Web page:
Open Source, Part 2

A second generation of open-source tools such as databases and app servers is winning business converts. But do they have the innovation and influence to prosper?
Perhaps the biggest question for these second-generation companies will be the involvement of established technology companies. SAP last year turned over the source code for its SAP DB relational database to MySQL AB. The move came after SAP concluded, "We're not a database vendor," says Shai Agassi, an SAP executive board member. Yet SAP wanted to continue to support and develop the system, so about 80 developers at SAP continue to work on the software. They turn their work over to MySQL AB, which offers it as MAX DB for transactional and high-performance uses.

Finding a company to support the widening number of open-source pieces can be a challenge, says Burton Group analyst Gary Hein. Aztec Software Inc. and Gluecode Software are two companies looking for a niche providing service and support for software stacks that combine various open-source products.


The next generation of open-source products making inroads into corporate America represents vital areas of interest for most companies, such as application servers and databases

This second generation hasn't received endorsements from influential technology companies because these products threaten to cut into the market share of leading commercial products

The companies marketing these products realize the importance of service and support; they often hire the original developers of the products

James Chaney, senior project manager at Consolidated Communications Inc., purchased Gluecode's stack, guaranteed to work together, for $15,000, combined with a $15,000 proprietary business-process engine and portal server that works with it. Chaney can use the Gluecode package on an unlimited number of servers. He figures he would have spent $100,000 per CPU for the same functionality in commercial software. As a result, he's using Apache, Linux, MySQL, the PHP scripting language, and Tomcat, and expects to add JBoss later.

Chaney says he would have run into more opposition if he hadn't been able to purchase Gluecode's technical support. He has had to tap that support. "I got the response I needed the same day," he says.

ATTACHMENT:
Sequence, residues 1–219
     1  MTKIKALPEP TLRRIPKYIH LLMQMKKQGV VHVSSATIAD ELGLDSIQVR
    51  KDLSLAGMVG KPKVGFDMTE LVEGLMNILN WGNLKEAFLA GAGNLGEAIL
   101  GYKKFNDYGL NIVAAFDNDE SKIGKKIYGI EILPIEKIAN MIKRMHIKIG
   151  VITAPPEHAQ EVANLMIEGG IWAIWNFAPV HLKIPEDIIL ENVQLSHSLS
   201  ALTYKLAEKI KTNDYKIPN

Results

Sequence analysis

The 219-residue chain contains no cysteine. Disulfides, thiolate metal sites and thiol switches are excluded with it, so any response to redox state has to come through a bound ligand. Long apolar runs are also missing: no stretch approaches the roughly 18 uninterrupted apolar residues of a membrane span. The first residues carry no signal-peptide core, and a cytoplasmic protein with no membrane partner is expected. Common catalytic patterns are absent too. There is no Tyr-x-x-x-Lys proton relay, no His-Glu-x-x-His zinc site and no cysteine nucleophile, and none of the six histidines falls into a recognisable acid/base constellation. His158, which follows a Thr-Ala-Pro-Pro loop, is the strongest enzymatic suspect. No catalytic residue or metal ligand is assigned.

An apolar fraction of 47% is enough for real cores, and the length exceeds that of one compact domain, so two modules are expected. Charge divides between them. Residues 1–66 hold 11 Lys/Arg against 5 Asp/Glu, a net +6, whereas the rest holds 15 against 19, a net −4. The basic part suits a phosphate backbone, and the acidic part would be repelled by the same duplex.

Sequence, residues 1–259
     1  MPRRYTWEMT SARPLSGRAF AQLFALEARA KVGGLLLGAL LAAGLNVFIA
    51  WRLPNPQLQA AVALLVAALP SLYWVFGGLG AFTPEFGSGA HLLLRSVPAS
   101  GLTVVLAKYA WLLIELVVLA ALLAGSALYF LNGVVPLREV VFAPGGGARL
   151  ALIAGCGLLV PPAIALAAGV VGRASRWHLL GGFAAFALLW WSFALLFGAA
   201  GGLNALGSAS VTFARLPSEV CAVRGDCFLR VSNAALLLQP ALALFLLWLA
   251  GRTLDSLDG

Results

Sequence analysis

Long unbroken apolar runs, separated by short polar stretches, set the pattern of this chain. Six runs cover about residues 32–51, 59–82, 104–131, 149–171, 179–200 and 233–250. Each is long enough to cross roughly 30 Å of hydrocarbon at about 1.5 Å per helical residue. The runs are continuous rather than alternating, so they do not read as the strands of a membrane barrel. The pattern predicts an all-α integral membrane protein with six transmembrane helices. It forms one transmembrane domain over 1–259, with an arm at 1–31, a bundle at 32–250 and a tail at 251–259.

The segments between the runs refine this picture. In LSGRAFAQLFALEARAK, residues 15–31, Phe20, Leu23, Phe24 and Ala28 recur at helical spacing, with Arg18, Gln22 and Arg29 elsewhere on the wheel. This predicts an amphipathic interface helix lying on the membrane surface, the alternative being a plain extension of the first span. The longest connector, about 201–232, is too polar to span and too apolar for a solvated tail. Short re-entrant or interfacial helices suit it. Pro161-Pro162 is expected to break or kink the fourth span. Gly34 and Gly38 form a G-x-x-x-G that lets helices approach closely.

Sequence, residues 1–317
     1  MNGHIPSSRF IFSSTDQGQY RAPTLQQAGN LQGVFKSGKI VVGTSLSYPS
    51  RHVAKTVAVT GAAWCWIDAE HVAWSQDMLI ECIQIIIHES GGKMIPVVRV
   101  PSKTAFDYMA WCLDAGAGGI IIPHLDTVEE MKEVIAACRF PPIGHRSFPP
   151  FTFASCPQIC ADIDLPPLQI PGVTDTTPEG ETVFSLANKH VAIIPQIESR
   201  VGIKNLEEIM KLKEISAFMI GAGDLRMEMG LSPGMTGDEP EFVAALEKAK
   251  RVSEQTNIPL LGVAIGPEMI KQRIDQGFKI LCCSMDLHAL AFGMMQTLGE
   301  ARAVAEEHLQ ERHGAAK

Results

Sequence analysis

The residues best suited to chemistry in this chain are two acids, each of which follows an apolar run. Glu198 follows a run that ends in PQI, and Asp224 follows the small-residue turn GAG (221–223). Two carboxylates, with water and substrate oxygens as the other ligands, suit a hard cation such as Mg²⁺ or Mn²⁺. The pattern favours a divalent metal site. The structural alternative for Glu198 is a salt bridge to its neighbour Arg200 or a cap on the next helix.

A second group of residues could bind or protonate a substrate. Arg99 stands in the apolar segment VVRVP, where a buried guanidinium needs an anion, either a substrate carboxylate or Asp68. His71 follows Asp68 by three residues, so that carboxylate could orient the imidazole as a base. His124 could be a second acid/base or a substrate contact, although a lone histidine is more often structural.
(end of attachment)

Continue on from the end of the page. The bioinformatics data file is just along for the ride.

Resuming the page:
But do the new open-source companies have staying power? Critics point out that VA Linux, a former supplier of Linux hardware, became a much-reduced VA Software, providing collaborative development applications; Scriptics, a supplier of a commercial version of the Tcl scripting-language tools, and GreatBridge, a supplier of technical support for PostgreSQL, both went out of business.

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What's more, open-source products aren't necessarily open for life. SourceForce, an open-source collaboration portal, went from being open-source code to a closed and proprietary product. "It's not easy to close an open-source project, but it's possible if the copyright holder chooses to do so," Hein warns. "Viability and stability risks cannot be ignored when considering open source."

As users have learned with Linux, and as Microsoft officials love to point out, open-source software isn't always free. The venture-capital investments make the second generation of open-source products look more like commercial software. It's the goal of JBoss and MySQL to create profitable companies, with consequent top- and bottom-line expectations.

"Open-source code is in flux," Sabre Holdings CTO Murphy says. "You can't tell exactly where you will end up." Still, he's forging ahead. Sabre Holdings purchased an enterprise license for MySQL and will likely add even more open source in the future. Says Murphy, "Things are working."

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